On the way, one soldier told Vân to sing any song she knew. Vân was surprised but tried to sing because music may sooth the pain of the soldiers. She sang many songs, from lullabies, quan họ (love duets) to patriotic songs. When they reached the shelter, one soldier died. His friends told Vân that her singing consoled him in his final moments. Vân burst into tears. She never forgot that day.
Driver Phạm Thị Phàn from the northern province of Thái Bình did something extraordinary. She was one of the first two female drivers of the army to surpass High Point 050 in Quảng Trị Province which even experienced male drivers were afraid of.
The night was so dark and the vehicle was just inches away from the edge of the cliff, but she remained calm and followed the route. Her bravery was highly appreciated. President Hồ Chí Minh gave Phàn and her comrades a watch as a gift. Recently, she donated this watch to the Vietnamese Women’s Museum.
Coming home wounded
The battlefield is arduous and fierce, but it is also the place where many beautiful relationships flourished. The love story of Nguyễn Thị Nguyệt Ánh and her husband Trần Công Thắng is one such case.
They met by chance at a concert in 1966. She was a driver and he an engineer in the army. They fell in love but in 1968, his unit was ordered to go southward and move into Laos.
Although apart from each other, their feelings never faded. He gave her a notebook, in which he had written poems and love letters. Ánh said she overcame the troubles during the war thanks to this notebook.
“Every word he wrote helped motivate me to carry on. We waited until the day the war ended,” Ánh recalled.
When the country was at peace, the female team drove in the parade ceremony at Ba Đình Square in Hà Nội. When Thắng heard there was a female driving team from Trường Sơn Trail, he ran to the square. They found each other at long last.
In 1977, he moved to the General Department of Logistics and Ánh applied to the Ministry of Finance to be a driver. They now live together happily. The little house in Long Biên District, Hà Nội, is always full of laughter from their grandchildren.
Returning from the front, some people enjoyed peace and happiness, but others came home with wounds and scars.
When the country was reunified, Dung returned to her homeland. She had lost confidence and turned down many proposals of marriage, because she had passed through the most dangerous roads soaked with poisonous Agent Orange sprayed by the US forces along Trường Sơn Mountains.
“I saw some of my comrades die of cancer. We all swallowed gas which is very poisonous. I also had lung disease. I am an invalid, so I was not comfortable or confident to marry anyone,” Dung said.
A neighbour set her up with Chu Minh Tuấn. He was also a soldier, a war correspondent. His wife, a teacher, had died in an accident. At this time, he had three children. He sent Dung a letter with sincere words, expressing how he sympathised with her. The letter touched Dung and they married in 1990.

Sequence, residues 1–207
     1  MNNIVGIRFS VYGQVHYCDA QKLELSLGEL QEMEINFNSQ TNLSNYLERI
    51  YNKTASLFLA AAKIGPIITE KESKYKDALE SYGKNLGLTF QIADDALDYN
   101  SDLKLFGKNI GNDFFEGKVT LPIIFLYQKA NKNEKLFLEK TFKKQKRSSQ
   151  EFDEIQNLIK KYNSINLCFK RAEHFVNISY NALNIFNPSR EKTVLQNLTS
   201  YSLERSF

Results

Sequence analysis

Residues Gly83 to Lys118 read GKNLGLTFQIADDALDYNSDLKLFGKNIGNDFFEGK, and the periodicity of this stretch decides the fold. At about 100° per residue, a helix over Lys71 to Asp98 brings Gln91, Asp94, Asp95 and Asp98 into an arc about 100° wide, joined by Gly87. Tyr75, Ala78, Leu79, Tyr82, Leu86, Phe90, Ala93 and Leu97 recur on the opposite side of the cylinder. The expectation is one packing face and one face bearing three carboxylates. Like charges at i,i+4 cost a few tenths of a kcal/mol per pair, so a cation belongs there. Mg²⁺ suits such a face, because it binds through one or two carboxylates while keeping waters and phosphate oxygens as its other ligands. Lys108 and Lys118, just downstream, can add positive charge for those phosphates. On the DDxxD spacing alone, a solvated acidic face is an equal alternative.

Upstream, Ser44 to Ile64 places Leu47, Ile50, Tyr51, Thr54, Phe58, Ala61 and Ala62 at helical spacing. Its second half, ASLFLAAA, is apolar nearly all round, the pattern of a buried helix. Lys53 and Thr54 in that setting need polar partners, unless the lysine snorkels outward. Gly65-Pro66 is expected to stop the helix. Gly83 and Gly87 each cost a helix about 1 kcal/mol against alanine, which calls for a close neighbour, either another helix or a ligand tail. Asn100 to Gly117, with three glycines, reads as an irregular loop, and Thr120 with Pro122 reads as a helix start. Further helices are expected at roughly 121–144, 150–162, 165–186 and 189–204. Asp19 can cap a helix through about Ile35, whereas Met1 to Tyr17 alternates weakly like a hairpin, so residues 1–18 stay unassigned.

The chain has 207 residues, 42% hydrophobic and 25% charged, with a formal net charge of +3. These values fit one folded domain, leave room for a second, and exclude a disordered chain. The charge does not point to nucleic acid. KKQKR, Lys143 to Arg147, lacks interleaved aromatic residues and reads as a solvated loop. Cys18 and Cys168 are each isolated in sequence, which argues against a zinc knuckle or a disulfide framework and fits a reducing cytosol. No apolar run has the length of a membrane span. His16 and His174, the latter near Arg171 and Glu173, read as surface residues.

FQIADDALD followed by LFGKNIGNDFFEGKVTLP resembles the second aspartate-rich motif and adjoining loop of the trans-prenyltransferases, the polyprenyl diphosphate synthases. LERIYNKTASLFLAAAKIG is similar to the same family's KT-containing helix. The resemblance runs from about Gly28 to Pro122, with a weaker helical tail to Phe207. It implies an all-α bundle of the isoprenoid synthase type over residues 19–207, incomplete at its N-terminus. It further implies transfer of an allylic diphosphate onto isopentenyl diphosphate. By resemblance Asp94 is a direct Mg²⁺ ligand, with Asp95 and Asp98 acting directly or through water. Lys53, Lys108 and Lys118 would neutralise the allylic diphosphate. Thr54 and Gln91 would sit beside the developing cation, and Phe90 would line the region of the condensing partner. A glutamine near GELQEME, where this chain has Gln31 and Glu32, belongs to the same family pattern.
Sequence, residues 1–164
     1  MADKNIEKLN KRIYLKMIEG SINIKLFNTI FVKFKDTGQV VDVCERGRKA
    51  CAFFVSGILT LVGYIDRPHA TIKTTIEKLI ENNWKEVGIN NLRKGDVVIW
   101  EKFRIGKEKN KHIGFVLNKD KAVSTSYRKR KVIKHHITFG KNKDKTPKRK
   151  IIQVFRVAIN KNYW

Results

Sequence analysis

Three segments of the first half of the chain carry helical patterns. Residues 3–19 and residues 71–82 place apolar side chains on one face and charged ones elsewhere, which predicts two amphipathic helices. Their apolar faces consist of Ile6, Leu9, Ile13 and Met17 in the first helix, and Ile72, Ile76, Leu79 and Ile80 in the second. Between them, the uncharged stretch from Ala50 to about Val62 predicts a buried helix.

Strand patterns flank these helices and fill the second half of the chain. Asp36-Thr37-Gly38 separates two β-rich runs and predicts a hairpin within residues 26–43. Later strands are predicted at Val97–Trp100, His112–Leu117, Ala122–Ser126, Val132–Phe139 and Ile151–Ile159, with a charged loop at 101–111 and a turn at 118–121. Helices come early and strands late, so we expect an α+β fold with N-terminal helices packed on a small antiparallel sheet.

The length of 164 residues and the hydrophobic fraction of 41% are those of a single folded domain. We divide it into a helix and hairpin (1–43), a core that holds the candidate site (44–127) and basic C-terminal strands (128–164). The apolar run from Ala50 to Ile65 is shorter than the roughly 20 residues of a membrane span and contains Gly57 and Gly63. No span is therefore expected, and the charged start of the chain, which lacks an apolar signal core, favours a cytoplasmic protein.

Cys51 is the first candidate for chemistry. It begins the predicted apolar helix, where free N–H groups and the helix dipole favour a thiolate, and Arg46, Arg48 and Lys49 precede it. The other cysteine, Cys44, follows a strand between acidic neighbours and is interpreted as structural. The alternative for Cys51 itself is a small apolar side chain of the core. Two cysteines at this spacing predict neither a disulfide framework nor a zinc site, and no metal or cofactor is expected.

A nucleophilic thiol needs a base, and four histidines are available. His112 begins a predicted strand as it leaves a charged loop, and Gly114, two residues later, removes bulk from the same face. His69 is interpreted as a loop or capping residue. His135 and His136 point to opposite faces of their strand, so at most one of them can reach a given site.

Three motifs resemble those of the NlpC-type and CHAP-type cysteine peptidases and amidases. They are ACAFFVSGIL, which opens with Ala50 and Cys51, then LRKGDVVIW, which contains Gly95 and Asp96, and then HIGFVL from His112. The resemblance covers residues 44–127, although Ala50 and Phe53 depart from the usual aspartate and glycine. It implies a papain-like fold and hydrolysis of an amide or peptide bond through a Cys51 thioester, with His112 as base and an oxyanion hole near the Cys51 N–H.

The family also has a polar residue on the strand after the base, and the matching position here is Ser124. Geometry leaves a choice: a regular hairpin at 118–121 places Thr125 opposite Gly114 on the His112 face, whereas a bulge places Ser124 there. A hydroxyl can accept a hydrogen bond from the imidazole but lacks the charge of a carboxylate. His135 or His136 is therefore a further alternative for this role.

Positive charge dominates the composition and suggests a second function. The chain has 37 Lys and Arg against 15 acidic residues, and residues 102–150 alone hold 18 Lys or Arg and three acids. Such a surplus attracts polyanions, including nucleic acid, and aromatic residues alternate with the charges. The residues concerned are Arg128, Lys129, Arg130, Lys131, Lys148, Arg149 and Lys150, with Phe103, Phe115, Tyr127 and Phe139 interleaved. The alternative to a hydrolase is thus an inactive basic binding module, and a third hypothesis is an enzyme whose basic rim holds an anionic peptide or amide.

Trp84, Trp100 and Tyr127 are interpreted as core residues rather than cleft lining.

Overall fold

“I became a wife but can never be a mother, it is a constant regret in my life. Fortunately, my husband’s children all love and respect me,” said Dung.
Even so, Dung is delighted with her present happiness. She confided that many other members of the team were even more miserable, some lived in poverty, some never married and lived alone with beautiful memories of their youth.
Despite the fragile border between life and death, all the female drivers survived and came home after the war.
Even 50 years later, they regularly meet up to recall the old stories that stay forever in the minds of the heroic drivers.
“We reunite every year. I am very happy that we all still respect each other. We have passed along the edge of life and death together,” said Dung.
The female drivers sacrificed their youth to the nation. Today, they hope that young people will contribute more to society and respect the value of peace. VNS
Children in Da Nang spend one-of-a-kind summer break
As she saw her five-year-old son standing in front of a TV attending his virtual school losing ceremony in late May, Tran Phuong Chi, 36, could not imagine how he would spend the stay-at-home summer break.
Chi’s city, Da Nang, was hit hard by COVID-19 and put under strict lockdown in May.
It was a time when local residents needed day-passes to enter markets.
A lot of restrictions had been lifted before they were reinstated in June given the resurgence of the stubborn coronavirus.
Everything has not yet come back to normalcy.
More challenges, more skills
In previous summers, Chi and her husband traveled with their children or brought them to the countryside before coming back to the city for summer classes.
This year, they can do nothing but stay at their home in Hai Chau District.
Overcoming several COVID-19 waves, Chi’s children got used to studying online with teachers.
The young mother has also developed activities to help them have a not-so-boring summer break.
As she also works from home, it is easier for her to spend more time playing and studying with her children.